Trump, Suggests Susan Rice Committed Crime, offering no evidence
- Author: Salvatore Jensen Apr 10, 2017,
Apr 10, 2017, 23:09
"I think it's going to be the biggest story", Trump told The New York Times on Wednesday, without offering any supporting evidence.
According to Eli Lake of Bloomberg, Rice "requested the identities of United States persons in raw intelligence reports on dozens of occasions that connect to the Donald Trump transition and campaign".
Rice said through a spokeswoman that she would not dignify "the president's ludicrous charge with a comment".
Trump during the interview was surrounded at his desk by a half-dozen of his highest-ranking aides, including economic adviser Gary Cohn and Chief of Staff Reince Priebus, along with Vice President Mike Pence. Occasionally, she would make a request to the intelligence community for the identities of those people in order to get more context for the reports and to determine if that person was a danger to national security, explained the Washington Examiner.
Rice became the subject of ire from Trump allies earlier this week after media reports said the former Obama official requested the identities of transition team members be unmasked in reports about surveillance of foreign targets.
The Trump associates, who were incidentally mentioned on intercepted communications during the Obama administration, were not under surveillance themselves, but had been recorded while speaking with foreigners who were under surveillance by the US.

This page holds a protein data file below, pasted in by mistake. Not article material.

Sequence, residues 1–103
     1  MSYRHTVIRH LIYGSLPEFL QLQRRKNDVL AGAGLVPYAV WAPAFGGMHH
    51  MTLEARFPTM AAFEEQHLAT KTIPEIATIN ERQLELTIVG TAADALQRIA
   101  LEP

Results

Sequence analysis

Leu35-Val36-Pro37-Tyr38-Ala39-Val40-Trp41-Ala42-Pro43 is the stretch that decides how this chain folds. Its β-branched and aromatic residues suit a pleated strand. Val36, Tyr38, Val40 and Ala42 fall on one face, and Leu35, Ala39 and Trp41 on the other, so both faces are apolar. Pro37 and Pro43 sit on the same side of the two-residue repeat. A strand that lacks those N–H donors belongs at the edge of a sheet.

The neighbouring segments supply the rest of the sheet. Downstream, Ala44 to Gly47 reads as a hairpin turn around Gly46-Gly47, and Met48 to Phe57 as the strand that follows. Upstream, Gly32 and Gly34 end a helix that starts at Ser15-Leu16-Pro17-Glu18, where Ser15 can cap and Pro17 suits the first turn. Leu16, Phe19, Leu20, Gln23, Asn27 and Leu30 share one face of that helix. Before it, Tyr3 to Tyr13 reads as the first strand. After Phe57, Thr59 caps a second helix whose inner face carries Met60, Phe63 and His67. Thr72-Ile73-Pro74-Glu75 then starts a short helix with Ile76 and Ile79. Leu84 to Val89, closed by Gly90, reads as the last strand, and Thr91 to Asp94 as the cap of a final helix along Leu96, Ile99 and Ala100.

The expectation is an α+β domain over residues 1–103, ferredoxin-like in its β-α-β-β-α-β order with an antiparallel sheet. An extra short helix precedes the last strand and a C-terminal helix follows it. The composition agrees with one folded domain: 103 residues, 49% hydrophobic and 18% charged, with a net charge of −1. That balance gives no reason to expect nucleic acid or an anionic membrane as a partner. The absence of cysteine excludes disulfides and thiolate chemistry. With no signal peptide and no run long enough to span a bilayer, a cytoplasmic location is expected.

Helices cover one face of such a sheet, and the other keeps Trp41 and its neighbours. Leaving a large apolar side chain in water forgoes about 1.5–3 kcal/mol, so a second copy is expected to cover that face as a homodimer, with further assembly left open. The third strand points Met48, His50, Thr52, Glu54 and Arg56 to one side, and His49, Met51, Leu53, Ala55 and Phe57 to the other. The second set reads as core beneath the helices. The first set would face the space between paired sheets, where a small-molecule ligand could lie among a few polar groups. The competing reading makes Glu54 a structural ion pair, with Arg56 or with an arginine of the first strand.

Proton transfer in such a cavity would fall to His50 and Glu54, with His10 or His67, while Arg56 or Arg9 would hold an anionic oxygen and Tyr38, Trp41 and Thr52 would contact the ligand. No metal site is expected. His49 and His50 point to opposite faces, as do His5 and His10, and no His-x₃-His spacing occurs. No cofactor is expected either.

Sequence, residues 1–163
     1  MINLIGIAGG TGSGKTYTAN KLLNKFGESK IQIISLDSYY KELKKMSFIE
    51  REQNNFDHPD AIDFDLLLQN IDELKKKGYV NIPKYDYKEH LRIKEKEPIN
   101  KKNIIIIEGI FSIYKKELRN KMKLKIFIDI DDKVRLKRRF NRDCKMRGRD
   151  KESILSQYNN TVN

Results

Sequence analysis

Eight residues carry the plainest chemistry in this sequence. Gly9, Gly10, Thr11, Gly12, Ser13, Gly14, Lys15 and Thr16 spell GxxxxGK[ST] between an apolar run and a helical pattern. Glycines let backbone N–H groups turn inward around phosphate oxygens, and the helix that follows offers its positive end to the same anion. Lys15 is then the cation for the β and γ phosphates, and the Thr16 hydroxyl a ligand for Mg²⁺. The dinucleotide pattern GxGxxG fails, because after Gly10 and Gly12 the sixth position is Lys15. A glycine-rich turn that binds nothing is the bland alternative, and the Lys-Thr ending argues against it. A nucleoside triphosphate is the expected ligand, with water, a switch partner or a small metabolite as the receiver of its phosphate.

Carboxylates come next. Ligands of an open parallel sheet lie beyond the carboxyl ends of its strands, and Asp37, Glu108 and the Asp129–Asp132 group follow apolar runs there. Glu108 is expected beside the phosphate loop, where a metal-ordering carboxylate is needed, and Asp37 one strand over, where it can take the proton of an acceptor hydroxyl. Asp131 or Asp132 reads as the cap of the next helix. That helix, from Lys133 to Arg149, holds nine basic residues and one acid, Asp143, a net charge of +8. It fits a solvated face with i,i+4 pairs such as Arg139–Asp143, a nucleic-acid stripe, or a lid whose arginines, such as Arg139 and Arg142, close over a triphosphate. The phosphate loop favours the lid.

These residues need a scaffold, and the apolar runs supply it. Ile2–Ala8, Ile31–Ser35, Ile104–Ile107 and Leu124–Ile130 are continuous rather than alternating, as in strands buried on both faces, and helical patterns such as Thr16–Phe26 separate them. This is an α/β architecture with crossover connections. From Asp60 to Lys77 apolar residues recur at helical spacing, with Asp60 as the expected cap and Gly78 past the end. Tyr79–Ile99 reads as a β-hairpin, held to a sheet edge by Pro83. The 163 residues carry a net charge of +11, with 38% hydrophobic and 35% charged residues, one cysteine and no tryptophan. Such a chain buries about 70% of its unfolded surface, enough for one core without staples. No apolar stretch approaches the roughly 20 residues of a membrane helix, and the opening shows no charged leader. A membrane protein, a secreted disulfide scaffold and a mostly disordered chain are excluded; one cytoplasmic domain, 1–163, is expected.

Rice has denied any impropriety.
Rice, in an interview with MSNBC, acknowledged that she sometimes asked for the names of Americans referenced in reports.
Graham is the chairman of a Senate subcommittee that oversees the counterintelligence division of the Federal Bureau of Investigation, which is investigating the potential ties between Trump's camp and Russian Federation.
Leaking classified information can be a criminal offense, which Rice denied doing - "I leaked nothing to nobody", she told MSNBC. She would not say whether she saw intelligence related to Trump associates or whether she asked for their identities, though she did say that reports related to Russian Federation increased in the final months of the presidential election campaign. The committee's chairman, Sen.
Citing no evidence, President Donald Trump on Wednesday accused his predecessor's national security adviser of breaking the law, one month after he accused former President Barack Obama of illegally wiretapping him. Democrat and Republican lawmakers continue to say no evidence supports this claim.